Extend cash handouts beyond B40

The quantum must be generous and not a one-off payment, says economist


EXTREME cash handout to households is needed given the disparity, additional restrictions and recession the country is undergoing, despite the increase in stimulus packages.

Asia School of Business (ASB) assistant professor of economics Dr Melati Nungsari suggests the cash handout needs to target more households beyond the bottom 40% group (B40), and the quantum must be generous and not a one-off payment.

“This cash handout will be expensive, but I believe it will be more expensive if we do not do this in the long run.

“The pandemic affecting lower income groups, especially in terms of household saving looking at expenditure versus income, is not only a B40 issue,” she said during a panel discussion on Saving Lives, Protecting Livelihoods in conjunction with the launch of the latest Malaysia Economic Monitor entitled “Weathering the Surge” yesterday.

According to Melati, recent data from the Department of Statistics Malaysia showed that 10% of households in the middle class are also sliding down their income distribution.

“This is something sitting on all of us and needs to be addressed right now.

“The socio-economic impact of this pandemic will be felt for months, years, way after the pandemic is over, considering the damage has been done in many ways — mental health, loss of lives and business.”

Additionally, she said the government needs to sustain local businesses by providing financial assistance.

“Financial assistance, such as wage subsidies, must be extended.” Retail Group Malaysia MD Tan Hai Hsin told The Malaysian Reserve (TMR) back in March that the number of outlets facing closure represents some 15% of the total retail stores nationwide.

The government recently announced the National Recovery Plan (NRP), but sectors like retail opined it won’t help them much.

Malaysia Retail Chain Association council member and Arori (M) Sdn Bhd ED Raymond Woo told TMR that recovery for the retail sector is heavily dependent on when business reopens.

“Vaccination needs to be sped up to achieve herd immunity and quick decisive action from the government on automated moratorium for all is imperative.”

Meanwhile, Kubang Pasu MP and Parti Pejuang Tanah Air secretary general Datuk Amiruddin Hamzah said the party wants the government to extend full automatic moratorium not only to individuals, but also businesses as they are suffering under the third Movement Control Order (MCO 3.0).

“The comprehensive moratorium must be approved immediately and extended until herd immunity is achieved before more businesses are forced to close, more citizens go bankrupt and in desperate situations, many resort to commit suicide,” Amiruddin said in a joint statement with the party’s head of economic bureau, Armin Baniaz Pahamin.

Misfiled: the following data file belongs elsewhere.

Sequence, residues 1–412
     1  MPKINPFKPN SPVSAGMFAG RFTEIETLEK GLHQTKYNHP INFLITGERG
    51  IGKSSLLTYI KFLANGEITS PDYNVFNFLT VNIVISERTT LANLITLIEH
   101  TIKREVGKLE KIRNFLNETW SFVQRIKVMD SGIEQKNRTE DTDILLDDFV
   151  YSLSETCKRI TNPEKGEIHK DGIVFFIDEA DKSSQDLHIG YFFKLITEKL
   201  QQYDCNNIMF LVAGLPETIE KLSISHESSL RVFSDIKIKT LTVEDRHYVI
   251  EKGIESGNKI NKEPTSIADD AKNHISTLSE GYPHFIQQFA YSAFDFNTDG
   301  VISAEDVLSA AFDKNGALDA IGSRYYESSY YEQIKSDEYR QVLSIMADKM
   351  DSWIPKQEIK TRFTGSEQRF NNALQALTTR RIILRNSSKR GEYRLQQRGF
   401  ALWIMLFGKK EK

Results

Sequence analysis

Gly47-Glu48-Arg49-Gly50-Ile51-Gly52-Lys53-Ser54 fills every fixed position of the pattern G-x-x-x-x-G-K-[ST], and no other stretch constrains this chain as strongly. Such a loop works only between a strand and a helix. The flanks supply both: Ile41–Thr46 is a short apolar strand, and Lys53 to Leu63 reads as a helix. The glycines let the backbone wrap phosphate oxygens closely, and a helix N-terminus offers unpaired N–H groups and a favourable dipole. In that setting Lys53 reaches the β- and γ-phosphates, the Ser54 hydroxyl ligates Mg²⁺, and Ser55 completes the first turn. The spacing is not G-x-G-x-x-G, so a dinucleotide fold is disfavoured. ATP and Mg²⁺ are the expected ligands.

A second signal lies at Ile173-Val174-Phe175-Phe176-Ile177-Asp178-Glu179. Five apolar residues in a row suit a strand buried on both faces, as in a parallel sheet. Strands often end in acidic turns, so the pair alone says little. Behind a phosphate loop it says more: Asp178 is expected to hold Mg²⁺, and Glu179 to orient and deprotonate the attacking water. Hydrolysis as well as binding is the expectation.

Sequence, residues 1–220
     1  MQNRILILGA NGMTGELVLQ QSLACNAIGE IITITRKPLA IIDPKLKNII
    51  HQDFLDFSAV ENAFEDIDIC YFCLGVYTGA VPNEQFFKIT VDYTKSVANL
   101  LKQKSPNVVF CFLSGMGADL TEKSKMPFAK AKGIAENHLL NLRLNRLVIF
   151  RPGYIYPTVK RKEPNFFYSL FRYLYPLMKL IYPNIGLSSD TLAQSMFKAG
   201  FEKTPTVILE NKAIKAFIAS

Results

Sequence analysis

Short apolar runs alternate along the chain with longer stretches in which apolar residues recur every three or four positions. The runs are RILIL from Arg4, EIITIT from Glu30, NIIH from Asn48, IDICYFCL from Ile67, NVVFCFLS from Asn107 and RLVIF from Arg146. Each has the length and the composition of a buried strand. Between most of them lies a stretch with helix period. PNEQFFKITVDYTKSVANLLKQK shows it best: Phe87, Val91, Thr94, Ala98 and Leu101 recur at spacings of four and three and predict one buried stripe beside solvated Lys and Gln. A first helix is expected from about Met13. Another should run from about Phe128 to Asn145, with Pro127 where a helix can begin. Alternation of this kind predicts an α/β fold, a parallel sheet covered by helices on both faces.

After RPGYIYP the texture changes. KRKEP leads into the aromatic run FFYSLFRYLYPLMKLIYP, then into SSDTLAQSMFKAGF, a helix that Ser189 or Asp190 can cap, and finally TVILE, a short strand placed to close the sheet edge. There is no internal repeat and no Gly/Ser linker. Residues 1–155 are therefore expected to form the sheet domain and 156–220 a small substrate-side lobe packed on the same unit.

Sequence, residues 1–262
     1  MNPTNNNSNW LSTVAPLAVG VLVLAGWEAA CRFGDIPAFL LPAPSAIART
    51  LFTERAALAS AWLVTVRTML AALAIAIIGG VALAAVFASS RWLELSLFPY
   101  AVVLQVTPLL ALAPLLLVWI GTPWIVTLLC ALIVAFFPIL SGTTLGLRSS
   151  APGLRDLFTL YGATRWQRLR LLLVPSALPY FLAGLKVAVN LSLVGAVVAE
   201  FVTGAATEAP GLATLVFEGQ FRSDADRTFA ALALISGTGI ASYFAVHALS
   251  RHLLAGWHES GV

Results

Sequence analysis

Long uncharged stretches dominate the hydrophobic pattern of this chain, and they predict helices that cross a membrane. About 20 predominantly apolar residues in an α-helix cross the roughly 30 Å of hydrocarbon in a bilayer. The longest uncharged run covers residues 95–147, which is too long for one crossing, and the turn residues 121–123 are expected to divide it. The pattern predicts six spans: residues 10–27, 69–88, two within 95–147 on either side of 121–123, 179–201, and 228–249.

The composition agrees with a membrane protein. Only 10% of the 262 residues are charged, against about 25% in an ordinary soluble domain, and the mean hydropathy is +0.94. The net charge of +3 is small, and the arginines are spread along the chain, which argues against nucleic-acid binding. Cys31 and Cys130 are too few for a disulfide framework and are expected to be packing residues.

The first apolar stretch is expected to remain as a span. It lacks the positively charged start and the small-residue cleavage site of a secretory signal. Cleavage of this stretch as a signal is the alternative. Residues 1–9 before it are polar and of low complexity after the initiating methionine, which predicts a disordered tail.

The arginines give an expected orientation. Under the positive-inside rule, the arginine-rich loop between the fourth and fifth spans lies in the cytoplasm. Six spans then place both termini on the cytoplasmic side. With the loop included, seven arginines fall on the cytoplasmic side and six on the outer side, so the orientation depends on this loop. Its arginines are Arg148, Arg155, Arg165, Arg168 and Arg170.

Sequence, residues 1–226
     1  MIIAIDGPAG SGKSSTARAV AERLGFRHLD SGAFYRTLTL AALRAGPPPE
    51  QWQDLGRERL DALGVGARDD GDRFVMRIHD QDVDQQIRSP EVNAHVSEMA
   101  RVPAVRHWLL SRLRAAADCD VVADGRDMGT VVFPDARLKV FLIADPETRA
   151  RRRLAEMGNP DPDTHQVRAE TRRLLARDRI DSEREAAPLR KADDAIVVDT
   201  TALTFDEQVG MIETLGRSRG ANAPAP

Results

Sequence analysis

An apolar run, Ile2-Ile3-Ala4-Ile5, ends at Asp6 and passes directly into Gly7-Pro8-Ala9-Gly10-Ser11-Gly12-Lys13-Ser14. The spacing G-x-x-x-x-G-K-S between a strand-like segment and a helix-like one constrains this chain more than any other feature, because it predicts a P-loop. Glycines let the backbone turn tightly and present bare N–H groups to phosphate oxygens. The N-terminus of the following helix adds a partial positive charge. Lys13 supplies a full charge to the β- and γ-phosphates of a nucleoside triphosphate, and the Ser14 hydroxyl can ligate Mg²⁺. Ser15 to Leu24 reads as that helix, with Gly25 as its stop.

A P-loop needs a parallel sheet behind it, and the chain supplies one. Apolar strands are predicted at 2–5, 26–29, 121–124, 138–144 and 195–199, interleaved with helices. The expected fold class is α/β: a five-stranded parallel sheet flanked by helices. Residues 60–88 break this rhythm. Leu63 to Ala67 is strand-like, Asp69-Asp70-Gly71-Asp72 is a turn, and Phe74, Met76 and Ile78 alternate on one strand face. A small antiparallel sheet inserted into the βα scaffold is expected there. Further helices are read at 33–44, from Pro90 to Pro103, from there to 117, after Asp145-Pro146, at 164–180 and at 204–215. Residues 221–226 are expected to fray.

“We take note of and fully support the request of the Coalition of 140 NGOs, Chambers of Commerce for the government to offer automatic moratorium for all bank facilities,” the former deputy finance minister said in reference to Moratorium Untuk Rakyat request last week.

Pejuang also urged the government to implement the Rent Moratorium until March 2022, provide a reduction in utility payments and allow the citizens to withdraw their Employees Provident Fund (EPF) savings.

Looking at the US which implemented a lot of fiscal policies to address the impact of the pandemic, ASB’s Melati said Malaysia saw food insufficiency fall by 40% and financial instability drop 45%.

“This is believed to be the direct effect of increasing cash handouts to households. So, I think this has to be the main thing in particular because recovery will be very long.

“We also need to acknowledge that people are diverse, people need to pay phone bills, education, rent, so cash handouts really allow individuals to channel things where they need the most,” she explained.

Commenting on the stimulus package, EPF chief strategy officer Nurhisham Hussein said when the pandemic hit, the government started with very limited fiscal space and now even less fiscal space.

“The critical thing at the moment is really not the debt ratio or the government’s ability to borrow. The biggest problem is the kind of fiscal rules that we have.

“The Covid-19 Act has caused a constraint on what the government can do. As a result, actual fiscal injection made is quite limited,” he said.

On challenges towards the healthcare system, infectious diseases specialist Prof Datuk Dr Adeeba Kamarulzaman said the pandemic also affects the non-Covid-19 patient.

She said it causes delays in cancer surgery and other treatments, for example.

“Despite the two weeks of lockdown, we haven’t seen decline in bed utilisation in intensive care units.

“What we really need to have is a much more comprehensive testing strategy that has to be much better supported digitally.”